Kagan and the Demise of Democracy

Posted on May 2, 2013 by

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Donald Kagan, a history professor, gave a “farewell lecture” at Yale University last week and made the statement “Democracy may have had its day.” Dr. Kagan is not one to shy away from controversy and has often raised the ire of his colleagues through his public statements and actions. By way of explanation, he argued that universities “are failing students and hurting American democracy. Curricula are ‘individualized, unfocused and scattered.’ On campus, he said, ‘I find a kind of cultural void, an ignorance of the past, a sense of rootlessness and aimlessness.’ Rare are ‘faculty with atypical views,’ he charged. ‘Still rarer is an informed understanding of the traditions and institutions of our Western civilization and of our country and an appreciation of their special qualities and values.’ He counseled schools to adopt ‘a common core of studies’ in the history, literature and philosophy ‘of our culture.’” (quote from Matthew Kaminski’s Wall Street Journal article.
Dr. Kagan has expressed similar concerns before in his career. When Cornell buckled to protesters in 1969, he objected. He later left and went to Yale. He was joined in that protest by Allan Bloom, whose Closing of the American Mind expressed some of the same thoughts Kagan articulated in his farewell address. Again in the 1990s, Kagan sought to get his colleagues at Yale to recognize the importance of teaching the ideological foundations of Western Civilization, believing as many of our Founding Fathers that an informed citizenry was essential in maintaining the Republic. His colleagues, overwhelmed by their own politically correct ideology, refused to accept his argument. They chose rather to embrace a relativistic understanding of civilizations, and failing to see that what has allowed western civilization to develop the highest standard of living in the history of world and provided the strength necessary to defeat world tyrants like Adolf Hilter and Saddam Hussein is also that which made western civilization distinct.
Conrad Black, writing for National Review, responded to Kagan’s lecture with an article entitled “Democracy on Its Way Out?” He suggested that democracy was struggling because it has become perverted. “This happens when a free people is labored in the name of redistribution of wealth from those who have earned the money to those who have not, beyond what can be reasonably justified (and in implicit exchange for the votes of the self-interested, pseudo-conscientious majority).” He has a point. America’s democracy took a hard left turn when the federal government began to take on the role of providing for the needs of its citizens. This turn was done with the best of intentions and President Franklin Roosevelt suggested during the Depression that this role of government should only be for a short time. But even he could not resist the lure of political power that such a role provides. America’s political history is full of demagogues who figured out that they can buy votes by promising something of value to voters. When Roosevelt opened the door for the government to provide basic needs, Pandora’s Box was opened. Few politicians today can get into office without playing the game. “Vote for me,” they say, “and I will give you something more.” When was the last time you heard a politician offer to take away an entitlement you or someone you know enjoys? It does not happen very often, because it does not result in a victory on election night. Black is right that this has perverted democracy. For me, I tell my students that this process has fundamentally undermined what democracy is supposed to be. Black is optimistic, however, that it can be saved. We just have to do away with the perversion.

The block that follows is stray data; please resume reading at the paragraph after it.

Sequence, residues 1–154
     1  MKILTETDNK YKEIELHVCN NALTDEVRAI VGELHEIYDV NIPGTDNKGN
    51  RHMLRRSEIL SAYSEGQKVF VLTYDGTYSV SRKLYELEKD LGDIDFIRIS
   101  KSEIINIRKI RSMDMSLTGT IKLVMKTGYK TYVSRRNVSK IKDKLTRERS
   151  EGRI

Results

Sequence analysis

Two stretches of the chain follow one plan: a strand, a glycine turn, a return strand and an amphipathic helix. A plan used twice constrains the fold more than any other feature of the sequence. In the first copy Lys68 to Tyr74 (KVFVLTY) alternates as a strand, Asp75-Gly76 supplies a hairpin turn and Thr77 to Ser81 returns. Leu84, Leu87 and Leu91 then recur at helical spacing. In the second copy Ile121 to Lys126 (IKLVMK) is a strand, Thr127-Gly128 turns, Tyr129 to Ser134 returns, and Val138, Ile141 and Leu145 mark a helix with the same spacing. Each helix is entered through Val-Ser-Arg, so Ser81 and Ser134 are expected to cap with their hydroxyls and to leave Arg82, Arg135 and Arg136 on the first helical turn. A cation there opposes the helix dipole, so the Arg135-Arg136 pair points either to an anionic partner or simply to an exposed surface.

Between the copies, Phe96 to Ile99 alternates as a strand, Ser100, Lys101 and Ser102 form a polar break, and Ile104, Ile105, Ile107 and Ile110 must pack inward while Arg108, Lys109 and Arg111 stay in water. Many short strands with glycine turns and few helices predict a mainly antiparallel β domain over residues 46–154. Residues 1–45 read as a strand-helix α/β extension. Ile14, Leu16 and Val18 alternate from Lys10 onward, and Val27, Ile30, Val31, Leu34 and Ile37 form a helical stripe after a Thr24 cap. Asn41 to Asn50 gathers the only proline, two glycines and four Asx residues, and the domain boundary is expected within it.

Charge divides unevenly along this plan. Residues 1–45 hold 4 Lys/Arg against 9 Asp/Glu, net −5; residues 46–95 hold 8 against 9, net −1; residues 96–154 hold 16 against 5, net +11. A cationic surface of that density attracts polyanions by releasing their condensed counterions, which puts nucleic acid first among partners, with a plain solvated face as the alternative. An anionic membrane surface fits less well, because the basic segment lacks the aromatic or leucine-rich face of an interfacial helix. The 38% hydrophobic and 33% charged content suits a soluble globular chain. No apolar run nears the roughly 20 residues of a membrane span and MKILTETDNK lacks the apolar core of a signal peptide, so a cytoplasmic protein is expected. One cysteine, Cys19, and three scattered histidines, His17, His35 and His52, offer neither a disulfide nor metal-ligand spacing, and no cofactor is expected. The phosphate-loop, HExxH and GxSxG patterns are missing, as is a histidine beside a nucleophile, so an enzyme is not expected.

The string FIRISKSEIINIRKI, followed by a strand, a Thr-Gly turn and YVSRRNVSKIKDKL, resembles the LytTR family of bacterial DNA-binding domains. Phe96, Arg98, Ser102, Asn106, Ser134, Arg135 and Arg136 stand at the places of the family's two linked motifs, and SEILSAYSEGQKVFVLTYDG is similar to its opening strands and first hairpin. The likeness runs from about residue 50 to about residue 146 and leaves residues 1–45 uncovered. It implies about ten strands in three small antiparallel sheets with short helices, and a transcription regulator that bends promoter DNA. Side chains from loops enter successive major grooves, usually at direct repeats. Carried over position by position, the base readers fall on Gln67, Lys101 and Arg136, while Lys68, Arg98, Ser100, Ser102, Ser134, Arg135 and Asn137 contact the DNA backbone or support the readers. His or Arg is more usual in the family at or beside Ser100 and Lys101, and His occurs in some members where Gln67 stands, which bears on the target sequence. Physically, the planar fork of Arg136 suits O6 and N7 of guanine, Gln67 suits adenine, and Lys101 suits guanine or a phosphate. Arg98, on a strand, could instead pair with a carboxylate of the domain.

I am not sure Kagan shares his optimism. At least, his lecture seems pessimistic. Then again, Kagan devoted his life to education, and educators are inherently optimistic. They believe that they can have a positive influence on the next generation of society by educating the young. And herein lies Kagan’s solution to democracy’s demise. If America can properly educate its citizenry, it can regain the democratic republic that it once had. It will take a disciplined, well-educated electorate, that can understand that the country’s long term success is more important than the individual voter’s short term desires. I am not convinced that education is the end all, but I think Kagan is on to something. A thinking electorate would recognize that America has attempted to solve its problems by spending tax dollars for almost three quarters of a century and it has failed. We cannot solve our problems by spending more. If our own history is not a sufficient teacher, surely the economic woes of much of Europe should provide the needed lesson. Let us hope that Kagan’s “farewell lecture” hits the mark.

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